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Professional Service Industries, Inc. v. Dynamic Development Company, LLC

United States District Court, N.D. Illinois, Eastern Division

December 6, 2017

PROFESSIONAL SERVICE INDUSTRIES, INC., Plaintiff,
v.
DYNAMIC DEVELOPMENT COMPANY, LLC, Defendant.

          MEMORANDUM OPINION AND ORDER

          John J Tharp, Jr., United States District Judge

         Plaintiff Professional Service Industries, Inc. (“PSI”) filed this breach of contract action seeking payment for environmental and geotechnical services that it provided to Defendant Dynamic Development Company, LLC (“Dynamic”) at several locations throughout Southern California. PSI alleges that Dynamic breached the payment provisions of its contracts with PSI by refusing to pay more than $70, 000 in invoices for work PSI performed. In addition, PSI alleges that it is entitled to interest, attorney's fees, and costs related to Dynamic's failure to pay. PSI now moves for summary judgment in its favor. Because no question of material fact exists with regard to PSI's breach of contract claim and PSI has demonstrated that it is entitled to judgment as a matter of law, the Court grants PSI's motion and enters judgment in its favor.

         I. BACKGROUND

         A. Northern District of Illinois Rule 56.1 and Dynamic's Evidentiary Objections

         As an initial matter, the Court must address Dynamic's objections to consideration of some of the evidentiary materials on which PSI relies to support its summary judgment motion. Northern District of Illinois Rule 56.1 requires that the party moving for summary judgment file “a statement of material facts as to which the moving party contends there is no genuine issue and that entitle the moving party to a judgment as a matter of law.” Curtis v. Costco Wholesale Corp., 807 F.3d 215, 218 (7th Cir. 2015) (citing N.D.Ill. R. 56.1(a)). The statement of material facts must include “specific references to the affidavits, parts of the record, and other supporting materials relied upon to support the facts set forth” in each paragraph. N.D.Ill. R. 56.1(a). The party opposing the motion for summary judgment must file a response addressing each paragraph in the movant's statement of material facts and asserting any disagreements with “specific references to the affidavits, parts of the record, and other supporting materials relied upon.” Curtis, 807 F.3d at 218 (citing N.D.Ill. R. 56.1(b)). The party opposing summary judgment must also file a statement of any additional facts that require the denial of summary judgment, with references to the supporting materials relied upon. N.D.Ill. R. 56.1(b).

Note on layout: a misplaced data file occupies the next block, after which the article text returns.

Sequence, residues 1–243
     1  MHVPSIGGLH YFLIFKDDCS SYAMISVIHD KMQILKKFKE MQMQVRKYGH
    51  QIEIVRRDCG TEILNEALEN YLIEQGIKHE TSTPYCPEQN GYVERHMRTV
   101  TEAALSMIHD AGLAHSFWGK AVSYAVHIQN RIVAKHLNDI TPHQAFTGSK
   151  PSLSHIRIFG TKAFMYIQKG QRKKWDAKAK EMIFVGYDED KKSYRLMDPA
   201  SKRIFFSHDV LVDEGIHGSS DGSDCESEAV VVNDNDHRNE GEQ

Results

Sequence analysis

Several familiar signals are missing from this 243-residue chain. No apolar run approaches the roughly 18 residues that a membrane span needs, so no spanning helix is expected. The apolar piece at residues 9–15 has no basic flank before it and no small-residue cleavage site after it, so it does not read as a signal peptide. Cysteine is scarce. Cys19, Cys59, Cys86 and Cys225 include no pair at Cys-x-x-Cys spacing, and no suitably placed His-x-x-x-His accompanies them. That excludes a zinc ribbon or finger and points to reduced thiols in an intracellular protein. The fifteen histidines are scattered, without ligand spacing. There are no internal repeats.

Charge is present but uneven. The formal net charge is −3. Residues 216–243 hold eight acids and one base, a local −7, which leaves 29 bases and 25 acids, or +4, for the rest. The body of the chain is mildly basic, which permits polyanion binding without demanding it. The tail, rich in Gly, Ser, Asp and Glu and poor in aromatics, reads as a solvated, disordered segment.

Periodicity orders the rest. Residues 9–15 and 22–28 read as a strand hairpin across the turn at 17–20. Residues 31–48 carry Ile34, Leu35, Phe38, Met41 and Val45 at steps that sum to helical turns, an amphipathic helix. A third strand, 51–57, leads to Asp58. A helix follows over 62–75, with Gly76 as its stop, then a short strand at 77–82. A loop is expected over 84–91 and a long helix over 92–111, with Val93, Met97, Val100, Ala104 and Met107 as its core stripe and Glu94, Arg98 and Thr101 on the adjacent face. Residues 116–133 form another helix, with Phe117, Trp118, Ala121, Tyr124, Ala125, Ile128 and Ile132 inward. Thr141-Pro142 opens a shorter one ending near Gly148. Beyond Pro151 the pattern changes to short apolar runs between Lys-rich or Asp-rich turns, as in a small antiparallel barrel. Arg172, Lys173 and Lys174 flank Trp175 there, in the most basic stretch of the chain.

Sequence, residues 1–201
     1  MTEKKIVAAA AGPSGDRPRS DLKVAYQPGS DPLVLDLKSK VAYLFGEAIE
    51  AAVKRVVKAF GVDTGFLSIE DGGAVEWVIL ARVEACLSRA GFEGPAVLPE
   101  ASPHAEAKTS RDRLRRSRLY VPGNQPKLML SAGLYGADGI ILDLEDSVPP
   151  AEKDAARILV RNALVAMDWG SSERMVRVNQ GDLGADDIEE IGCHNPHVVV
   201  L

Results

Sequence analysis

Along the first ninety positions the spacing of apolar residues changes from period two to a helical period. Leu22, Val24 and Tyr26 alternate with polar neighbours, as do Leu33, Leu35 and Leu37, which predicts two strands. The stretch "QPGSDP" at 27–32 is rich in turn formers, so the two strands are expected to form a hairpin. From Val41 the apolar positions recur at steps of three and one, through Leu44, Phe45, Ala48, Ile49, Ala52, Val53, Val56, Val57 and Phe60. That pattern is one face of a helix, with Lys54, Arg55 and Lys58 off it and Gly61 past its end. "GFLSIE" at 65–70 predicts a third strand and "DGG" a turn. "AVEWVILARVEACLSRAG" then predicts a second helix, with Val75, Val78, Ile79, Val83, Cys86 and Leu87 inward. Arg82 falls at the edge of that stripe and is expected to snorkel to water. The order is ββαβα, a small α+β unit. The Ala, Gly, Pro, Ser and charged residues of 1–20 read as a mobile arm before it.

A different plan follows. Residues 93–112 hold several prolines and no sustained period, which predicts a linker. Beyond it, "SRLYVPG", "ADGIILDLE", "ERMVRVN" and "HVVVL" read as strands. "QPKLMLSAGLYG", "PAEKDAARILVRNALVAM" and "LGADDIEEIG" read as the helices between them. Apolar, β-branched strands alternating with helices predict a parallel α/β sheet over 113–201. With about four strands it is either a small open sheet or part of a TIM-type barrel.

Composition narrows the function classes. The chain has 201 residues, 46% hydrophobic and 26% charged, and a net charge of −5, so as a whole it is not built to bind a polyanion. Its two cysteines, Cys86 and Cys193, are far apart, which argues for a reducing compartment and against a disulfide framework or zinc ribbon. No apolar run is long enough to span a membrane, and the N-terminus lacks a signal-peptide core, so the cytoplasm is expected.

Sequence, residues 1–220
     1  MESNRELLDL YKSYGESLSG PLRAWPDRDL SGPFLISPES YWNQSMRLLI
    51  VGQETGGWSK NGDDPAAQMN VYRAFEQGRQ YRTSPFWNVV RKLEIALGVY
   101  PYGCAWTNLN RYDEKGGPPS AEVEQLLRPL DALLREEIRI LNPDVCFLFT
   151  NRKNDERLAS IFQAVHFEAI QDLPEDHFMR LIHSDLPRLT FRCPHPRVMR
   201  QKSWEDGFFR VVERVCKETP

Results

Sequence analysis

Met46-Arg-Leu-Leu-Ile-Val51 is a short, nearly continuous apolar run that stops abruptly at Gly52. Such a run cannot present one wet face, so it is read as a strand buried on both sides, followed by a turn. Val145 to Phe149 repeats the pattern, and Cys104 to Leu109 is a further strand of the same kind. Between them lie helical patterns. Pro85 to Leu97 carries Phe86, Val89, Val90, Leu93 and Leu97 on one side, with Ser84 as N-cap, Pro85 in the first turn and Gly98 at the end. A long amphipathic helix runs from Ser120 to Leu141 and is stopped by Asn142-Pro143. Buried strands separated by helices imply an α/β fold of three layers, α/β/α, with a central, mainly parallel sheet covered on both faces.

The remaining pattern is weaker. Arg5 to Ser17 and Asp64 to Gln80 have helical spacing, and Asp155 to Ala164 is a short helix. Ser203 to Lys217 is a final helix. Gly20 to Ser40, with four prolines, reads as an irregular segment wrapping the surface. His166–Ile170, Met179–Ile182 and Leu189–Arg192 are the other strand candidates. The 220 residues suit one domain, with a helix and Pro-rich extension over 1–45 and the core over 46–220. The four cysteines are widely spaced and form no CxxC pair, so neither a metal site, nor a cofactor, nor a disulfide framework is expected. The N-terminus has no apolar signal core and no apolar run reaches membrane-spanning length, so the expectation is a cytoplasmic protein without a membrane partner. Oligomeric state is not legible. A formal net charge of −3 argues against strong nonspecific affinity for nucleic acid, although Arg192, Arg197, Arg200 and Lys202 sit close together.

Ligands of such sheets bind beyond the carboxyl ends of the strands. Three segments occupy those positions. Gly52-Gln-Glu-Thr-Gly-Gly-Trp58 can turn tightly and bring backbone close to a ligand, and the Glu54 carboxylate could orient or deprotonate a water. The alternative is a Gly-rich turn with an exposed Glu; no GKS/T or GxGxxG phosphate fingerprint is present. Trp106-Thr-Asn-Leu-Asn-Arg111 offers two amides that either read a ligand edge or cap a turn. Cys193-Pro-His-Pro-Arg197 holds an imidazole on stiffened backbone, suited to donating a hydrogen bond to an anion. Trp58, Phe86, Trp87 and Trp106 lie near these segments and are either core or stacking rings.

The district court has discretion to strictly enforce compliance with Rule 56.1. Curtis, 807 F.3d at 219 (citing Cracco v. Vitran Express, Inc., 559 F.3d 625, 632 (7th Cir. 2009)). The opposing party's failure to admit or deny facts as presented in the moving party's statement of facts, or to cite to any admissible evidence to support facts presented in the opposing party's response renders the facts presented by the moving party as undisputed. Curtis, 807 F.3d at 218-19 (citing Ammons v. Aramark Unif. Servs., 368 F.3d 809, 818 (7th Cir. 2004)).

         PSI submitted a Rule 56.1 statement of facts supported by three witness declarations with multiple exhibits and a deposition transcript of Dynamic's 30(b)(6) witness. Pl.'s Statement of Facts, ECF No. 73 (“PSOF”). Dynamic submitted objections to two of the PSI declarations. Def.'s Obj. to Decl. of Eric Fraske, ECF No. 89; Def.'s Obj. to Decl. of Maria E.G. Chase, ECF No. 88.

         1. Objections to Fraske Declaration

         Dynamic objects to the declaration of PSI employee Eric Fraske (the “Fraske Declaration”) because it lacks foundation. Dynamic claims that Fraske does not provide a basis for his knowledge of various facts in his declaration. However, in his declaration, Fraske explicitly states that it is based on personal knowledge, that he is a principal consultant and branch manager for PSI, that he worked with Dynamic on various projects for more than four years after Dynamic first retained PSI, and that he is knowledgeable regarding the services performed by PSI for Dynamic at the relevant locations. PSOF, Ex. A ¶¶ 1-2, 14. The Court finds that these statements establish that Fraske had direct involvement in PSI's work with Dynamic and are sufficient to establish his personal knowledge of the facts asserted in his declaration. See Cobra Capital LLC v. LaSalle Bank Corp., 455 F.Supp.2d 815, 817-18 (N.D. Ill. 2006) (denying motion to strike declaration because declaration was based on personal knowledge resulting from declarant's direct involvement in the events in question). Dynamic, of course, could have offered evidence to contradict Fraske's averment of personal knowledge, thereby creating a fact dispute, but it did not do so.